Feline Lower Urinary Tract Disease, also known as FLUTD is a broad term used to describe a number of conditions associated with the feline lower urinary tract.
It is a common disease in adult cats and can affect both male and female felines. Problems it may present include inflammation of the bladder or urethra, formation of urinary crystals or stones in the bladder and especially in male cats, partial or total obstruction of the urethra.
Here are some key things to look out for if you suspect your cat may be suffering with a feline lower urinary tract disease:
- Frequent trips to the litter box
- Prolonged straining during attempts to urinate
- Blood in the urine
- Small amounts of urine each time your cat attempts to urinate
- Urinating outside of the litter box
- Unusual behaviour, crying or signs of pain
If you have an outdoor cat it may be more difficult to spot the symptoms without monitoring a litter tray.
Urethral obstruction is a serious medical emergency and you should seek veterinarian advice immediately. Cats experiencing urethral obstruction may not show symptoms until it becomes more serious. Look out for the following symptoms:
- Distress, pain and crying
- Male cats excessively licking the genital area
- Hiding away, stopping eating and drinking
- Vomiting and lethargy
How can I prevent FLUTD?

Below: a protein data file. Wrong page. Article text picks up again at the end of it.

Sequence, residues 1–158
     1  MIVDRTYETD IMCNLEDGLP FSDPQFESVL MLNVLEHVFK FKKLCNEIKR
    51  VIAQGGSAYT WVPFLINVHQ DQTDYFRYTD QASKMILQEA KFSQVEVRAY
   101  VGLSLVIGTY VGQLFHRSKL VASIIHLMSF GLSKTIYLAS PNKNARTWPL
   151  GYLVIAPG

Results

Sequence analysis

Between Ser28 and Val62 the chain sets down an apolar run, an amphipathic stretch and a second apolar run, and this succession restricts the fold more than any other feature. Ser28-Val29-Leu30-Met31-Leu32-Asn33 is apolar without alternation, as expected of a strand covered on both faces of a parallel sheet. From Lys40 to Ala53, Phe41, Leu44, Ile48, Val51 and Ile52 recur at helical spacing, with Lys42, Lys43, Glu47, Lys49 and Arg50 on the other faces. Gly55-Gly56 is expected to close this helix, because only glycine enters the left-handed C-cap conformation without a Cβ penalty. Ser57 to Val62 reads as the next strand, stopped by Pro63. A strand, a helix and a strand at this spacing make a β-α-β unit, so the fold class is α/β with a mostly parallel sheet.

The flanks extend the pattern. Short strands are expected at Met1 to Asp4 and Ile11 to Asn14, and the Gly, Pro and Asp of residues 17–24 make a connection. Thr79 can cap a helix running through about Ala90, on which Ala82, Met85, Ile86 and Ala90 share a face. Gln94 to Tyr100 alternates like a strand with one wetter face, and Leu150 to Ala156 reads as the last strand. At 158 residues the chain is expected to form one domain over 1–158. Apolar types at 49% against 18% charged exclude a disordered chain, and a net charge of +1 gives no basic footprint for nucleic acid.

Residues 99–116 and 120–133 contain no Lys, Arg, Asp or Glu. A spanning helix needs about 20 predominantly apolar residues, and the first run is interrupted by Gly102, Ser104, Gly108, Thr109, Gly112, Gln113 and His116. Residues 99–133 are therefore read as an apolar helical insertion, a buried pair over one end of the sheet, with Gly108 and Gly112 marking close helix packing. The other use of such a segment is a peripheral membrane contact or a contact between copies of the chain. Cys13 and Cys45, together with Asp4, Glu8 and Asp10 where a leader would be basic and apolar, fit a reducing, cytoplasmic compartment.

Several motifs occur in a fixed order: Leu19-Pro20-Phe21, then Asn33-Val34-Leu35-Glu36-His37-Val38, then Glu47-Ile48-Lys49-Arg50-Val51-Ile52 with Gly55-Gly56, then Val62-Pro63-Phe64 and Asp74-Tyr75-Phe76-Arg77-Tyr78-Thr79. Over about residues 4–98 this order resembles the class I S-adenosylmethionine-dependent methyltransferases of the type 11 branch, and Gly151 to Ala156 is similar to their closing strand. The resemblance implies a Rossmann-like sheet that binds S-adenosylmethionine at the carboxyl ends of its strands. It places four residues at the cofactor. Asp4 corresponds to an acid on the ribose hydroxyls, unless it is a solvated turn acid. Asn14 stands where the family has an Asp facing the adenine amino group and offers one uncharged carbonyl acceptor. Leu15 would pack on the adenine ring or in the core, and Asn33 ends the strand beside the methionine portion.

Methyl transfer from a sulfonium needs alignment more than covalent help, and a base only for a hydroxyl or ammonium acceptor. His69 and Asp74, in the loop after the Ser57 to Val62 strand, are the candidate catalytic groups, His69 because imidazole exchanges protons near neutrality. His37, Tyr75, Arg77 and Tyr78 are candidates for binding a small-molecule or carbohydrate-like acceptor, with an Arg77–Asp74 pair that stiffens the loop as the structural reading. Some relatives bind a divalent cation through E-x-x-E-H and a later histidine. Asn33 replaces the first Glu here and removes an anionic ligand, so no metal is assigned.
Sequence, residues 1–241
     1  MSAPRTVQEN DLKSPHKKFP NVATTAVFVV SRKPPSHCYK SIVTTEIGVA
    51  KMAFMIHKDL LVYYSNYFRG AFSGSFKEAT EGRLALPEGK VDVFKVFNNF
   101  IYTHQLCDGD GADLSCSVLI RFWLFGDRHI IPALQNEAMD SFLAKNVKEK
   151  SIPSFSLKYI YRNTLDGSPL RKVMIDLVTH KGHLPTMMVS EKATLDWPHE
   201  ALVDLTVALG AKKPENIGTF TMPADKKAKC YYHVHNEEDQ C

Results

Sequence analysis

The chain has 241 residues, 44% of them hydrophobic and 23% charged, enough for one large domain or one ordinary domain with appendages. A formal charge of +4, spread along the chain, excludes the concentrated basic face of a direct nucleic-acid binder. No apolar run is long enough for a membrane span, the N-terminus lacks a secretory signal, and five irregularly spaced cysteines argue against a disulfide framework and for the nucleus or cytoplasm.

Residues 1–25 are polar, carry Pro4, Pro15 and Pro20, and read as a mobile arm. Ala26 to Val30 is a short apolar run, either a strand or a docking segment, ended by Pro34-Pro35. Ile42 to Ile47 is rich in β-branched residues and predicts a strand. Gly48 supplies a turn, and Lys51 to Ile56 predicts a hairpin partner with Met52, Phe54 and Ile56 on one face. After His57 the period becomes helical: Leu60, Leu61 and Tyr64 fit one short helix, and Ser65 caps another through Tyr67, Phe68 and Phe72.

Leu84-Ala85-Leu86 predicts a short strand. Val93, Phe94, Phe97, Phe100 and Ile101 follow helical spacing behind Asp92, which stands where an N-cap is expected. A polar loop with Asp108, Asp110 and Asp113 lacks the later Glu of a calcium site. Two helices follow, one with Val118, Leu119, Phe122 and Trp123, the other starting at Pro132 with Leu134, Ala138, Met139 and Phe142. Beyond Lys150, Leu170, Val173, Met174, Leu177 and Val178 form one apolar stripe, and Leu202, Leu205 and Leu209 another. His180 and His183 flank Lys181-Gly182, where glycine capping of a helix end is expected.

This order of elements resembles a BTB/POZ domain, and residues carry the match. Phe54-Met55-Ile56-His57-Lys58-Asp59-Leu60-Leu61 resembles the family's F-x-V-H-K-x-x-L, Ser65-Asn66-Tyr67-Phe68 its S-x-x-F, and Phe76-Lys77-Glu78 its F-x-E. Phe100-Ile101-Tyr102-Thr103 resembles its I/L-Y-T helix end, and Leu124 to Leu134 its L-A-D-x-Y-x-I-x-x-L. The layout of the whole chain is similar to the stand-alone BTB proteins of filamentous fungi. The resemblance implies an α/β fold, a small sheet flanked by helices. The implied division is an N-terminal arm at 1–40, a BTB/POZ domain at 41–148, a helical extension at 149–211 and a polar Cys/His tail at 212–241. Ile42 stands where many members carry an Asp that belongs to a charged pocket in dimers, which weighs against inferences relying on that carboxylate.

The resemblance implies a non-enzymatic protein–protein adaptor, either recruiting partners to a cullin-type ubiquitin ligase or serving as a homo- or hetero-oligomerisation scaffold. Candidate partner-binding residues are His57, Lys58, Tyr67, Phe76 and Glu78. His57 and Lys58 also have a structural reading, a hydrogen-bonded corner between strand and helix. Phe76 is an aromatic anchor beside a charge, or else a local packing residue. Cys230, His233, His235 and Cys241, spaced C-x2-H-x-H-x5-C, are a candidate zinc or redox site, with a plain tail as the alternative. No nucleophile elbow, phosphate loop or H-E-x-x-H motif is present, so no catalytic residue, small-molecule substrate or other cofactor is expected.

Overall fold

In addition to following correct dietary management, one of the most important ways to help reduce the risk of having an occurrence or re-occurrence of this type of urinary problem is to increase water intake. This is because the more your cat drinks, the more urine will be produced. This encourages more frequent urination and reduces the time the urine ‘sits’ in the bladder. Less time is therefore available for bladder crystals and stones to form. The urine is also more dilute and so the chances of the building blocks of bladder crystals and stones meeting each other is reduced.
How to get my cat to drink more?
The following ideas may be used to encourage drinking:
- Add water to the food, whether it is canned or dry. Start with a small amount and increase as your cat’s acceptance permits.
- Place water next to the food and at several extra places to which your cat has access, eg an extra bowl of water upstairs, in the porch or outside.
- Keep the water in the bowls fresh, change daily.
- Some cats like shallow water, from a saucer, others prefer a drinking fountain. Adding a small amount of palatable liquid to the water (such as chicken stock or tuna juice) can increase a cats water intake also.
If you suspect your cat may have a lower urinary tract disease, seek your vets advice.